Plan way ahead — Many couples decide to tackle the issues and possible complications of summer custody from the very start–during the original custody case. When they are negotiating the initial parenting and time-sharing plan to be approved by the family court, parents can try to foresee any scheduling issues over the summer and can come up with solutions that are set out in the agreement. If a conflict arises at a later date, they can refer to the parenting plan to resolve the issue.

Plan your summer calendar in advance — If you want to take your child to a concert, festival, or on a camping trip, you should try to fill out your calendar of events as early as possible. While being spontaneous can be fun, events may conflict with something the other parent wishes to do or may fall during the other parent’s custody time. For example, you do not want to both plan a weekend getaway for Fourth of July, expecting that the other one will agree to it. Instead, discuss your calendar and solve any conflicts up front before summer begins.

Always give notice of a vacation — If you plan a vacation during your scheduled custody time, there may be no conflicts about scheduling at all. Too many people believe that this means they do not have to inform the other parent that they are leaving town with the kids. However, it is important to inform the other parent of your trip for safety and emergency purposes. If you fail to inform them, you may find yourself in court having to explain yourself or, in more serious situations, may face accusations of interference with custody.

If you and the other parent are still having issues regarding summer vacation custody rights, you can consult with an experienced family law attorney who knows how to best negotiate and resolve custody disputes in a favorable way. At the law office of Alan R. Burton in Boca Raton, we can help you to plan for an enjoyable and hopefully conflict-free summer vacation with your children. Call our office for help today at 954-229-1660.

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When two parents divorce or are unmarried, the Florida family courts will carefully consider many factors in deciding how much time each parent will get to spend with the child. Though the courts often try to split the parental rights between the parents as equally as possible, they always have to keep the best interests of the child in mind when making physical custody and visitation determinations. Sometimes, if a parent disagrees with a custody or visitation order, they will take the matter into their own hands and try to interfere with the order. Florida courts take interference with custody or visitation very seriously and parents who interfere with court orders can face serious consequences.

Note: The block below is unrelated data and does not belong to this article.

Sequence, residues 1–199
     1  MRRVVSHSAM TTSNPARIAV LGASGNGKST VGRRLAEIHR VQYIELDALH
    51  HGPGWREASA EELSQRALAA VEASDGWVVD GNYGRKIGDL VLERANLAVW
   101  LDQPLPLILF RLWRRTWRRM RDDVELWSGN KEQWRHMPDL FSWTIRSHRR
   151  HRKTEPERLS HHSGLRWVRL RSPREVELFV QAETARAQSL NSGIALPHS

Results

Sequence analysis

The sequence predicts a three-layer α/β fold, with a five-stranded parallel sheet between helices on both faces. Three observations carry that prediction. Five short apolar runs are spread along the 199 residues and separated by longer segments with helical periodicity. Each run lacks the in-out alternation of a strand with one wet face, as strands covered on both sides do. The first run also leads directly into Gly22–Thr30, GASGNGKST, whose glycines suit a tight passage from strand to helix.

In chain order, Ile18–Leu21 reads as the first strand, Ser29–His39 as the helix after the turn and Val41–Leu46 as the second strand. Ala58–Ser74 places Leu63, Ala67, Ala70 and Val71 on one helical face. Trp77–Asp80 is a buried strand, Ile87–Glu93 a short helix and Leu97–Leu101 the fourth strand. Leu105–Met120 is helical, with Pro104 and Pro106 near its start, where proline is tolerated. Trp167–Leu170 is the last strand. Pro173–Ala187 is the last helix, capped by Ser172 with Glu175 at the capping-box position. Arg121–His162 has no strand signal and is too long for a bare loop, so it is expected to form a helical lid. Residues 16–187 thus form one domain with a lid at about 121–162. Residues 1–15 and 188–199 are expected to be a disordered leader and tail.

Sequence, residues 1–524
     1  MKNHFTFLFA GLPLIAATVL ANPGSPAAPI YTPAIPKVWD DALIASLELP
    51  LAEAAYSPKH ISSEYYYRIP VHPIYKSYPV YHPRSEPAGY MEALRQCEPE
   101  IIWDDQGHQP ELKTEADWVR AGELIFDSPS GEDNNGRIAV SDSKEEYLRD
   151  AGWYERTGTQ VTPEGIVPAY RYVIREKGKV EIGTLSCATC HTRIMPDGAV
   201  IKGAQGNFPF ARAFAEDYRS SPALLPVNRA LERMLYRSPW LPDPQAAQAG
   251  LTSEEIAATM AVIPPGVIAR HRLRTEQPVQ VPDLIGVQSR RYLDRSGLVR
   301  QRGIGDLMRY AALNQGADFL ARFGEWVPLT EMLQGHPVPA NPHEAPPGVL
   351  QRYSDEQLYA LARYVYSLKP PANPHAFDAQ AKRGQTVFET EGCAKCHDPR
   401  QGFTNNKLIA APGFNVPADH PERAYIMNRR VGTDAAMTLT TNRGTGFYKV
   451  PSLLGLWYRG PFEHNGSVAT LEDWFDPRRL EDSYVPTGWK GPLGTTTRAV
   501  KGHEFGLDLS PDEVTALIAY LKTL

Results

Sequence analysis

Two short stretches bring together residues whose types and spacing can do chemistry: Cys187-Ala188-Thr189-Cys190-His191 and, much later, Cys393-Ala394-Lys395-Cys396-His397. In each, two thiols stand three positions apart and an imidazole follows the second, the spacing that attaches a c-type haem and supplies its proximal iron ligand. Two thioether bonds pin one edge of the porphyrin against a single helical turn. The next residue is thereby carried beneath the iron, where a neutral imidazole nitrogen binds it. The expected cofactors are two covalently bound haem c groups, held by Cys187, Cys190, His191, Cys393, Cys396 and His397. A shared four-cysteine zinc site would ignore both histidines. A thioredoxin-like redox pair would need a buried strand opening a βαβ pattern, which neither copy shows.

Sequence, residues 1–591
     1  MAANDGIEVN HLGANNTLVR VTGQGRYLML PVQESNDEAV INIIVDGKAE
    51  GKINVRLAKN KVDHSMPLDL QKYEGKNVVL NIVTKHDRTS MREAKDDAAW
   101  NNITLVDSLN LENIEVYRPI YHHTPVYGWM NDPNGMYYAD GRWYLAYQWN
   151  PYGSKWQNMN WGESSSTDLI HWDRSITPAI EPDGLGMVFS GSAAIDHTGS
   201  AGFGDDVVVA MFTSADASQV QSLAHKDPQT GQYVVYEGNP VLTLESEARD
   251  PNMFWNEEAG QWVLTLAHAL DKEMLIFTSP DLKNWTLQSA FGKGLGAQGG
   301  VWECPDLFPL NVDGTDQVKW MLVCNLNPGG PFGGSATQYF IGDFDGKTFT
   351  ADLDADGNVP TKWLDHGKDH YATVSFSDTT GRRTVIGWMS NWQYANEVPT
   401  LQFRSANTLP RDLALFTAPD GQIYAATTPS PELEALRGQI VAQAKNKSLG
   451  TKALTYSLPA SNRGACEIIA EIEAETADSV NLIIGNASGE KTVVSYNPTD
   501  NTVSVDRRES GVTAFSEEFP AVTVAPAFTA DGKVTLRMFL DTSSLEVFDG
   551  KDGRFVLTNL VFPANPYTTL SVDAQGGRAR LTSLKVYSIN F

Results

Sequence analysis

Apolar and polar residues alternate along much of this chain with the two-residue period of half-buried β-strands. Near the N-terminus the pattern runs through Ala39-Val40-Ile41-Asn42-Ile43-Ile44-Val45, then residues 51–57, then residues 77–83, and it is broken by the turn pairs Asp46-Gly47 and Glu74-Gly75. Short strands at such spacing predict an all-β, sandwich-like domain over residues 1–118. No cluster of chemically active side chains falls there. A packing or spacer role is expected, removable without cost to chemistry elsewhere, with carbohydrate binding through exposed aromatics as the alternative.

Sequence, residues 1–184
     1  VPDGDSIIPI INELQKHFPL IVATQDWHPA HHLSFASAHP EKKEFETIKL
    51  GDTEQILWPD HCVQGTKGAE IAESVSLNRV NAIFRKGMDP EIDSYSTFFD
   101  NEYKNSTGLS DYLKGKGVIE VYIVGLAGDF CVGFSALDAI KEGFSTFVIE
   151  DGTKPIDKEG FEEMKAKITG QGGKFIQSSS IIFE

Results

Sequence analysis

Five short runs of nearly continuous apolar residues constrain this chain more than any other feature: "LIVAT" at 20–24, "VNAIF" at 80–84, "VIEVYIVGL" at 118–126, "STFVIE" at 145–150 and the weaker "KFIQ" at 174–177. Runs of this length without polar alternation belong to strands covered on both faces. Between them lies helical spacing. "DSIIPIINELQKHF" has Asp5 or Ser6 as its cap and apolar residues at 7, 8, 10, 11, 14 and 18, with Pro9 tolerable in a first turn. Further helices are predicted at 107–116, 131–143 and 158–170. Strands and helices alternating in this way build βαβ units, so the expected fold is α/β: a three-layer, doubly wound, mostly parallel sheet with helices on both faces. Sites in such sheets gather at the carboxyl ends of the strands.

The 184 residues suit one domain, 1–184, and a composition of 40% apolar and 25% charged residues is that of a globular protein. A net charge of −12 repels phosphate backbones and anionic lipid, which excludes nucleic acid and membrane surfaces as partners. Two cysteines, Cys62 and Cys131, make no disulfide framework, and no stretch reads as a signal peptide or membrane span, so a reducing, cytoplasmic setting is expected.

Common interference

Custody interference most often occurs when one parent refuses to follow the schedule for visitation set out by the court in the parenting plan. This can include not taking the child to see the other parent when they are supposed to or even refusing to allow the child to communicate with the other parent on the phone. If your custody or visitation rights are being denied by your child’s other parent, there are different steps you can take to enforce the parenting plan schedule. For example, you can file an emergency motion with the courts to enforce the custody order. The court can even place the other parent in contempt and impose sanctions if they continue to interfere with custody.

Criminal interference

If a parent secretly or forcibly takes a child without authority to do so under the parenting plan or consent by the other parent, they could end up facing serious criminal charges as well as consequences in family court, including complete loss of custody rights. Florida criminal law sets out interference of custody as a third degree felony, which can mean up to five years in prison. Furthermore, some parents who physically take their children without authority face kidnapping charges, which is a first degree felony and could mean a very long prison sentence. A father recently made headlines for taking his children from New Jersey to Florida and keeping them for six weeks without authority, and he is now being held on $800,000 bail and facing kidnapping charges. As you can see, in some cases, custody interference can be extremely serious.